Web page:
Unless I have a photographic memory – alas, I do not – I need to take takes to study if I want to be a good blogging student.

Whether you go old school with pen and paper or use an online tool just take notes on blog posts to give yourself ample study materials.

3: Study the Notes

If you took notes in high school or college did you just stare vacantly at the notes for hours on end, with mouth slightly agape?

Of course not.

You studied the notes to allow the new ideas to take root in your mind.

Blogging students study their notes, acquiring new concepts through the practice of repetition.

When I took upper-level math and science classes while studying meteorology at university I patiently had to repeat my notes to myself to remember and absorb concepts from courses like atmospheric dynamics and differential equations.

Study your blogging notes. Allow these ideas to take root in your noodle.

4: Buy Blogging Courses

Buy blogging courses.

Pay your online tuition.

A serious blogging student invests in a premium course to learn to blog in the proper format.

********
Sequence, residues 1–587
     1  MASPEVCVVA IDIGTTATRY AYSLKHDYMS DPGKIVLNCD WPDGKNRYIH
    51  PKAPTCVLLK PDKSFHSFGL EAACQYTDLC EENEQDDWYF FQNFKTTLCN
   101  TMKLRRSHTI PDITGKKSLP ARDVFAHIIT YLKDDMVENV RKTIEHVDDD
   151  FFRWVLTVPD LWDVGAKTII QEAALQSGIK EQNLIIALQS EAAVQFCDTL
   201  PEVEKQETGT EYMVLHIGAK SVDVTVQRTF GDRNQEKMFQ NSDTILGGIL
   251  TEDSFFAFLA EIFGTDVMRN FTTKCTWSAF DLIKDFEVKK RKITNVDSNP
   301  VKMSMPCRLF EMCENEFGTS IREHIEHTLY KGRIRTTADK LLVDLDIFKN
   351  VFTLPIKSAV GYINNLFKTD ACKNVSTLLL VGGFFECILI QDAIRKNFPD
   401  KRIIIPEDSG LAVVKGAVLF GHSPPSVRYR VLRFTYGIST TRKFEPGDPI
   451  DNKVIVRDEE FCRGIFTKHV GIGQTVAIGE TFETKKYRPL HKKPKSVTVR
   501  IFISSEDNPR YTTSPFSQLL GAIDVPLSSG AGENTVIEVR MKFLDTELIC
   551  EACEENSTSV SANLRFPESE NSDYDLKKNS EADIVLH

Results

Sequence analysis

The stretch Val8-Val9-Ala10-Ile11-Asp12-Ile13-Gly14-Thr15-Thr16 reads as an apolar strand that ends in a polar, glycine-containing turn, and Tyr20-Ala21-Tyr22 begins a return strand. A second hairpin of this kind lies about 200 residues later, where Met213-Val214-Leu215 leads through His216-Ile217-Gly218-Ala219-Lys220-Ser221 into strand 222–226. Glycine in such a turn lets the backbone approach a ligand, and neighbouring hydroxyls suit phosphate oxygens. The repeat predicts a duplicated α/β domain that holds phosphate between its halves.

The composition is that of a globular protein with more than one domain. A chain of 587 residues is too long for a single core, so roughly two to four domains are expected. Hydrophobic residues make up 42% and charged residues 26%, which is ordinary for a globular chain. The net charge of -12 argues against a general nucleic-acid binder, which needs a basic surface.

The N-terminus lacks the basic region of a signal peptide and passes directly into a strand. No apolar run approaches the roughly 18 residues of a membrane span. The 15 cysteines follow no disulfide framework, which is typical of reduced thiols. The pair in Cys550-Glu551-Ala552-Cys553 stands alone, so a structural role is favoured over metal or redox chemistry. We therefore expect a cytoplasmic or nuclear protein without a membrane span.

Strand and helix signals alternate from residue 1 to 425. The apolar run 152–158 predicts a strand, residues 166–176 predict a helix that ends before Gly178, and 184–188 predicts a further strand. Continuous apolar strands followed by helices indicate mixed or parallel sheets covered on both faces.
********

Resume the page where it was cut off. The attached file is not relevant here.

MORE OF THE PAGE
Buying an online course is like paying tuition and sitting down in a classroom to learn to blog in a structured setting.

Learning how to become a professional blogger through blog posts alone is quite difficult because you need to piece together lessons from week to week.

Trying to learn solely from freebie courses is tough because you will never be *all in* until you fork over money for a product or service.

Investing money in a premium blogging course instantly pushes you into a more serious, business-like, committed mode. Because you deeply value that which you pay for.

5: Repeat the Absorb/Take Notes/Study Process

Follow the same process of absorbing a course, taking notes and studying the notes to be a good blogging student.

Turn the course into a tangible, practical tool for building a successful blog.

Do not let the course collect cyber dust by back burning that sucker. Too many aspiring or struggling bloggers buy courses and barely touch them. Or delay diving into the courses for weeks or months.

Whenever I invest in premium blogging resources I dive into the manuals immediately.

Hey; if I’m gonna pay tuition you better believe I’m going to class!

6: Observe Established Pro Bloggers in Great Detail

Big dawg bloggers give glimpses into how you should carry yourself as a blogging student.